Monday, September 30, 2013

Book 134, Isle of Man: "The Manxman" by Hall Caine

UEA’s library isn’t quite as voluminous as some I’ve seen, but it does contain some nice surprises. I was originally planning to read some book of folklore for the Isle of Man (which is actually classified as a separate entity from the UK). While searching the catalogue, I also happened to come across a biography of an eminent Victorian named Hall Caine – a bestselling author and playwright, a companion of Dante Gabriel Rosetti, and a proud Manxman.

Once a recognizable face on both sides of the Atlantic, Caine is largely forgotten today. This online biography suggests that his greatest work was The Scapegoat, but the library offered me a copy of The Manxman instead: 29th edition, printed in the 1920s. Sadly, I dropped it - the librarians will have some gumming together of spines to do after this – and resorted to reading an online edition for the remainder of the week.

But heavens, this is good stuff. It’s fundamentally the tale of a love triangle: simple Pete, his smart half-cousin Philip, and the fair Kate. But the story follows them from birth to childhood to adolescence to tumultuous adulthood, their drama playing out against the charming backdrop of Sulby, a coastal village alive with superstition and fishermen’s rebellions and Christian extremism and ridiculous codes of honour – Philip and Pete, for instance, are both the grandsons of the old Deemster, a high-born judge in his castle, but the father of the first was disowned when he married a common-born girl and the second was the fruit of an affair with his mother paid off in cash for her shame. There’s this stupid, stupid taboo against marrying below or above your station – it’s something a gentleman simply cannot do if he wants to continue receiving the respect of the tiny island community.

But I suppose it’s character that really drives the tale. Philip's a social climber, guilt-tripped by the memory of his late father whose ambitions were ruined by his love for his lower-class, equipped with the intelligence and the personality for a rising career in law and politics, ultimately becoming a Deemster, or a judge for the island. He falls in love with Kate, who used to be Pete's sweetheart, before Pete set off for the diamond mines of Kimberley for five years, so he could earn a fortune worthy of her hand. The guilt of this tortures him utterly - and it tortures Kate too. Meanwhile, Pete's just the most big-hearted, loving man possible, unaware that his every forgiveness of Kate and his kindness to Philip just tortures them further.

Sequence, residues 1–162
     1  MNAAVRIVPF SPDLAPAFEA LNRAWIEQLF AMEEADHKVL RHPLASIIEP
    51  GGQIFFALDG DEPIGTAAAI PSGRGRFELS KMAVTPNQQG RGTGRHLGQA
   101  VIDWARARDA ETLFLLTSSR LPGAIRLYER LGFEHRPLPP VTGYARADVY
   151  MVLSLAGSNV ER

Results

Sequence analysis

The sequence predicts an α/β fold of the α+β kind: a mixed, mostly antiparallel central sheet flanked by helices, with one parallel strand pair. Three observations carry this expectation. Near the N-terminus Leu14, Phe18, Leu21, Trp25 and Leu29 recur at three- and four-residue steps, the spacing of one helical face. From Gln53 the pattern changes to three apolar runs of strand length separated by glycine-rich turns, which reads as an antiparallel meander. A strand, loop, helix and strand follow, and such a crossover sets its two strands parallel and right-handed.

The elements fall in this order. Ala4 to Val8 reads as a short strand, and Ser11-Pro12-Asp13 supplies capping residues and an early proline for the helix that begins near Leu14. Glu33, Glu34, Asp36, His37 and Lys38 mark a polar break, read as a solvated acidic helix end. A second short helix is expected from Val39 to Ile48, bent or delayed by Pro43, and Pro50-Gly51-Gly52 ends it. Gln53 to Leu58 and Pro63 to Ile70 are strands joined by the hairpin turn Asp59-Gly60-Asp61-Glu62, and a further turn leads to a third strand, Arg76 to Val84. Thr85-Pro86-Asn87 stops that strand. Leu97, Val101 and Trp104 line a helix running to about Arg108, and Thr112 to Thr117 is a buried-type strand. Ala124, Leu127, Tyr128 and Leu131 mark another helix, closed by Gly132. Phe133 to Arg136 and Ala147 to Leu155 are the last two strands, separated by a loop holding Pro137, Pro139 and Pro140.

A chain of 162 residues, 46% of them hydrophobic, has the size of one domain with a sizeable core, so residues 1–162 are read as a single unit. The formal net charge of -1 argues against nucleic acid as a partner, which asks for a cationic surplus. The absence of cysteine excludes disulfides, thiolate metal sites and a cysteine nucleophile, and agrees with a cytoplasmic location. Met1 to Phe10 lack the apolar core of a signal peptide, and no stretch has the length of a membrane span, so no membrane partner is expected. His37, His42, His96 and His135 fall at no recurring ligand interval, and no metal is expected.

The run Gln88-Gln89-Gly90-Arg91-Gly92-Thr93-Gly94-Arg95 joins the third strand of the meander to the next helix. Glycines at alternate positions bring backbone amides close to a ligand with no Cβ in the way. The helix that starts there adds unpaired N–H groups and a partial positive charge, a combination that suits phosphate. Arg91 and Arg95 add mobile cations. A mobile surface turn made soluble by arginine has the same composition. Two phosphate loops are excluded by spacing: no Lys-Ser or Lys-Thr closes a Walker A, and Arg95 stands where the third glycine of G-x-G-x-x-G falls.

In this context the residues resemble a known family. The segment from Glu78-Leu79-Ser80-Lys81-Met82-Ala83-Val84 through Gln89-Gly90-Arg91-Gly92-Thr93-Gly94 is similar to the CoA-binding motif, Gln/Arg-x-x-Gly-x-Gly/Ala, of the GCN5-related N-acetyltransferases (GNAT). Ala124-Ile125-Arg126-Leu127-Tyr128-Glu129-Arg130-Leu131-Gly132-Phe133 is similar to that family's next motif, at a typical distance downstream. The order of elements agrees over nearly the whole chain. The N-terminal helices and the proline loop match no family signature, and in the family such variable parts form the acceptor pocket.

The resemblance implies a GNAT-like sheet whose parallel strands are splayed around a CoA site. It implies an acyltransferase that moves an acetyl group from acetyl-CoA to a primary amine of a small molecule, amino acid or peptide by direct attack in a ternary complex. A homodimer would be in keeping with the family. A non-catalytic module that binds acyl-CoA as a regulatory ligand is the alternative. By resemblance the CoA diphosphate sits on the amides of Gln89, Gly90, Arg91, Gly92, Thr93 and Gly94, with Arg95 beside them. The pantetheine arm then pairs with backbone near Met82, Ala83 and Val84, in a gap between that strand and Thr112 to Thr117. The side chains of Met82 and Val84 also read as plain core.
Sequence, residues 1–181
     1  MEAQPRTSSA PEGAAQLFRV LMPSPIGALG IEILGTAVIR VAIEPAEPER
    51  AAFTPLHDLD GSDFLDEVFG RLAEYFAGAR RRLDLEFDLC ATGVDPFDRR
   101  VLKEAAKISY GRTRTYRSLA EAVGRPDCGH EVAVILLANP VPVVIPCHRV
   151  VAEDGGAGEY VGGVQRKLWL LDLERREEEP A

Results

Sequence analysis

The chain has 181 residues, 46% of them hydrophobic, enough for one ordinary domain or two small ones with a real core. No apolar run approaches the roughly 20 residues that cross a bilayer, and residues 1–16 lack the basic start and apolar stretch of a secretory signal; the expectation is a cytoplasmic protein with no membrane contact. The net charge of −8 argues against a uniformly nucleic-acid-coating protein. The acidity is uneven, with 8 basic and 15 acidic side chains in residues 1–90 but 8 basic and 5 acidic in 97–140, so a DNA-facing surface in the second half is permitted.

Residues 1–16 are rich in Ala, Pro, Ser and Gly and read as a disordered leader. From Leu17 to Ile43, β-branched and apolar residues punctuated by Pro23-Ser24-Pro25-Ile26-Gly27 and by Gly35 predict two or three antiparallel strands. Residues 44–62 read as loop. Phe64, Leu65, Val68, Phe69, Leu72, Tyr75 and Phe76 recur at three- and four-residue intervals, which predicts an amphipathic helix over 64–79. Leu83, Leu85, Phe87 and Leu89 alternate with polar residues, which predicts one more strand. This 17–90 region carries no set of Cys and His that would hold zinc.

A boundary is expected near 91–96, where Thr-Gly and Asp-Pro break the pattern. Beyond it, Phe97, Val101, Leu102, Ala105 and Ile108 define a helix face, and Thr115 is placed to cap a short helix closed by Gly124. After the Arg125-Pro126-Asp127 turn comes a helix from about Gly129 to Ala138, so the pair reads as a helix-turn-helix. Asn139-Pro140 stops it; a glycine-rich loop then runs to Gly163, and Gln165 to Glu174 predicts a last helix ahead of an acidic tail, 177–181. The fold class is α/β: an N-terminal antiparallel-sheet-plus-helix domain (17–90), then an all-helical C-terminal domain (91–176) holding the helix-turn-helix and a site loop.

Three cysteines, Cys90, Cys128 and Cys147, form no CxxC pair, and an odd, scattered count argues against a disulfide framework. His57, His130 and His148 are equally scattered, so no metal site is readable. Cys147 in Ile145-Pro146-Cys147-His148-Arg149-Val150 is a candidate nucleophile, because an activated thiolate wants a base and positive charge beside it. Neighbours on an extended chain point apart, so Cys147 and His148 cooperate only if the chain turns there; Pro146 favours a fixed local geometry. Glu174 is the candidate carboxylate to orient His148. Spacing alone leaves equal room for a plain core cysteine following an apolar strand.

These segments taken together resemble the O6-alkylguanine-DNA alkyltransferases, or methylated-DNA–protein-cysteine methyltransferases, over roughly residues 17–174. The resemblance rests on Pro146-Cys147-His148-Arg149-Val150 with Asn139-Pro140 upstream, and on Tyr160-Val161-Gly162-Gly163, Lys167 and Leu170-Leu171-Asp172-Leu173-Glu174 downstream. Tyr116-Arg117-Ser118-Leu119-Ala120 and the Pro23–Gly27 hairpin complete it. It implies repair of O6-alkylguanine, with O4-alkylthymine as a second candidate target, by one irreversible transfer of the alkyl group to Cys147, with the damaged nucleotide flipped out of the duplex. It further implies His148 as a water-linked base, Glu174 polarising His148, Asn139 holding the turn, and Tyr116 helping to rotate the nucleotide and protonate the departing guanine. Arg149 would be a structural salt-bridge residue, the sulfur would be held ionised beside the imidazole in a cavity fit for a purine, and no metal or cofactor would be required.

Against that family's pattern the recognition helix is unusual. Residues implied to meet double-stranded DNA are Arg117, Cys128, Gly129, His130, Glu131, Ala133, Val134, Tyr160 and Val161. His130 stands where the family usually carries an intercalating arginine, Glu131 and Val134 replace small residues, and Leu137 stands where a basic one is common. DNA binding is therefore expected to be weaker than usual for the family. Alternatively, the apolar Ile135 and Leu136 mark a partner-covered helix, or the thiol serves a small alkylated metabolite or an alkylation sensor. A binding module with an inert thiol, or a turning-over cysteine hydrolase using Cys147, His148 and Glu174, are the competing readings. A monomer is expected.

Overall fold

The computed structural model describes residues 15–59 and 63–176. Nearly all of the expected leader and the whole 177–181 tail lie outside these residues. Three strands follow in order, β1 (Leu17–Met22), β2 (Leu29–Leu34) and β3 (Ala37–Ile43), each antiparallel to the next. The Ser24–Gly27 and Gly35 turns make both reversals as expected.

Basically, this is a story of adultery in which everyone involved is actually a good person - sure, they do terrible things sometimes, but they feel horribly guilty about it (mind you, they're the sort of folks who feel guilty even when they do good). And it works. We're thrust into the minds of all three protagonists, and we struggle with them, feeling for them. (Me particularly: I'm in a weird halfway state in my relationship to a very good person, and I'm not sure where how it's all going to end up.)

But there's also a huge level of absurdity to the characters' quandaries - their values, their conceptions of sin that outweigh any considerations of social achievement, are very un-Asian (or perhaps un-21st century, or simply unworldly). It's a little mad, how a successful young man with a rising career, a credit to his race, et cetera, should be in agony over the thought of marrying a "fallen woman" - or indeed, that any woman should consider herself fallen at all.

Messy thoughts today. Also on my mind is the fleetingness of Caine's fame - he peddled his exotic status as the "Bard of Manxland" in a manner that presages the workings of "world literature" as a contemporary genre, but because he was only a geographical minority, not a racial of gender one, he's fallen quite out of the Canon. Plus, his irrelevance to my current course: it'd be unwise for me to emulate his maudlin histrionics, no matter how effective they may still be.

Plenty more reading for me to do for school. If, however, you'd like to spend just a couple of hours with the story, you could check out the film version, directed by no less than Alfred Hitchcock!

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Representative quote:
That night Philip dreamt a dream. He was sitting on a dais with a wooden canopy above him, the English coat of arms behind, and a great book in front; his hands shook as he turned the leaves; he felt his leg hang heavily; people bowed low to him, and dropped their voices in his presence; he was the Deemster, and he was old. A young woman stood in the dock, dripping water from her hair, and she had covered her face with her hands. In the witness-box a young man was standing, and his head was down. The man had delivered the woman to dishonour; she had attempted her life in her shame and her despair. And looking on the man, the Deemster thought he spoke in a stern voice, saying, "Witness, I am compelled to punish her, but oh to heaven that I could punish you in her place! What have you to say for yourself?" "I have nothing to say for myself," the young man answered, and he lifted his head and the old Deemster saw his face. Then Philip awoke with a smothered scream, for the young man's face had been his own.

Next book: Mary Ann Shaffer and Annie Barrows's The Guernsey Literary and Potato Peel Pie Society, from Guernsey.

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